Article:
The seven small lakes called Santee Lakes began as part of a recycling plant. In 1960, the district started recycling wastewater for irrigation and commercial uses. The seven lakes were at the end of that treatment process.
Today, the park holds 194 acres. Fishing is allowed at all seven lakes, though lakes 6 and 7 are reserved for those at the 300 full hook-up campsites or renting cabins.
Some 35,000 pounds of fish is stocked in the lakes every year; about half trout, the other half channel catfish in plants spread throughout each season. Largemouth bass, carp, and bluegill also swim in the lakes. Catch-and-release is required on bass, though trout and carp must be kept. Releasing catfish and bluegill is optional, and there is a five-fish bag limit on all species combined. There is no limit on carp, as they are considered an invasive nuisance — the park may even offer incentive for their removal.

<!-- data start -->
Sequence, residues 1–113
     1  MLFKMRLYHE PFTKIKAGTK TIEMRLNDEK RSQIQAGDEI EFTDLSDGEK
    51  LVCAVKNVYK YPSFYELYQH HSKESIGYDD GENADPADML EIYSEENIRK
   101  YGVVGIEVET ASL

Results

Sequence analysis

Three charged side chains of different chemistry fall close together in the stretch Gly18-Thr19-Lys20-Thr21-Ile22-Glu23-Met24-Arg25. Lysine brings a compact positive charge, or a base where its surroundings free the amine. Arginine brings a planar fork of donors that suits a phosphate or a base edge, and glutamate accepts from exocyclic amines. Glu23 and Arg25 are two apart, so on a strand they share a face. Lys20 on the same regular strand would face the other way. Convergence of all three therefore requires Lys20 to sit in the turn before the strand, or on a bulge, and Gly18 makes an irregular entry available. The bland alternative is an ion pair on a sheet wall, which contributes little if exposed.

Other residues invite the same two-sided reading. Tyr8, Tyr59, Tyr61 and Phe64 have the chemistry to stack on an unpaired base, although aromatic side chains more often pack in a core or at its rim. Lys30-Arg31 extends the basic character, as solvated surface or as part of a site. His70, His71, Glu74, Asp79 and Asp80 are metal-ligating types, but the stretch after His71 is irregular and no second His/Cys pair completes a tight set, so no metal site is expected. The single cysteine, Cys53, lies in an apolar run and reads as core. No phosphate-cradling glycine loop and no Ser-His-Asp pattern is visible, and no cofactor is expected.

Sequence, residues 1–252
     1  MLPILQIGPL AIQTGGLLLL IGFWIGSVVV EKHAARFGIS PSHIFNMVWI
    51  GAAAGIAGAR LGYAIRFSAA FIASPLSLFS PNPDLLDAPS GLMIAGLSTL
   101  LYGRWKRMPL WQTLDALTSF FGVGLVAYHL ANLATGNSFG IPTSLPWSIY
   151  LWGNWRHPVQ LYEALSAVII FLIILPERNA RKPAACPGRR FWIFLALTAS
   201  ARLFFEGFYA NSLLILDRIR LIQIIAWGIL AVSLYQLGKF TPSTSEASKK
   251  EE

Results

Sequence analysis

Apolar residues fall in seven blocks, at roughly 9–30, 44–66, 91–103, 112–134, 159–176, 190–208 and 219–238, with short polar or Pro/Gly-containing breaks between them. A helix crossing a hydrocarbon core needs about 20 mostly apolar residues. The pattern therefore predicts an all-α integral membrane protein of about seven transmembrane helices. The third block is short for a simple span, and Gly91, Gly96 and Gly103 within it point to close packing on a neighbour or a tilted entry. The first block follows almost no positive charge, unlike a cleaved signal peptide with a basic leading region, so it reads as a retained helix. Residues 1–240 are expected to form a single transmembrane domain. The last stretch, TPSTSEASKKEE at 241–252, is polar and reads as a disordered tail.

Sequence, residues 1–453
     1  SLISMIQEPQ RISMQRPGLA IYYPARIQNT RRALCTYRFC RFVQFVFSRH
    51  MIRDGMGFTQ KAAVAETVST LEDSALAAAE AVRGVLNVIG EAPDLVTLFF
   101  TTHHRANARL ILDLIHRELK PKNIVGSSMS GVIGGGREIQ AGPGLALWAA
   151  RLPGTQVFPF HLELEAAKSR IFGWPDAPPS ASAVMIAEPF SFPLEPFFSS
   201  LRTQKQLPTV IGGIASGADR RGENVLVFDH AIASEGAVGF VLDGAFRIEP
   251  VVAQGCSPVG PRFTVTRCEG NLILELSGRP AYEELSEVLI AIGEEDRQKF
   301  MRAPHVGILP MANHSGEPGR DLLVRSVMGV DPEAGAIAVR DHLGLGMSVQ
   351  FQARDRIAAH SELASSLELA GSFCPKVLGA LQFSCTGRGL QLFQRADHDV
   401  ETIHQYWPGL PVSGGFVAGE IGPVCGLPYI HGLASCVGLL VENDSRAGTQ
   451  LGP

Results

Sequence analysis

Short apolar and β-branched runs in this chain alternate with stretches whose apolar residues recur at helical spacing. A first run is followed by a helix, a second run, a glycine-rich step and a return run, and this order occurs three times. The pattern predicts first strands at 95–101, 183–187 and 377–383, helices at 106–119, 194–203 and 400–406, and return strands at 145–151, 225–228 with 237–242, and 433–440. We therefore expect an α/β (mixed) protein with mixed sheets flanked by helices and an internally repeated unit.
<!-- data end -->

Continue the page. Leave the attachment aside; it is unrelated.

I have had mixed success fishing the string of ponds. At times, a fly-lined nightcrawler will get you there for any species targeted.
9040 Carlton Oaks Drive, Santee
The park features playgrounds, hiking trails, pontoon boats, and floating rental cabins with decks you can fish from.
This weekend, Santee Lakes will be holding their annual Catfish Opener with a plant of 2000 pounds of catfish, including tagged fish worth tackle boxes, fishing rods, bicycles, camping gear, and free passes to Santee Lakes. State fishing license is not required, though a Santee Lakes fishing permit is. Prizes will be awarded for top-five largest catfish.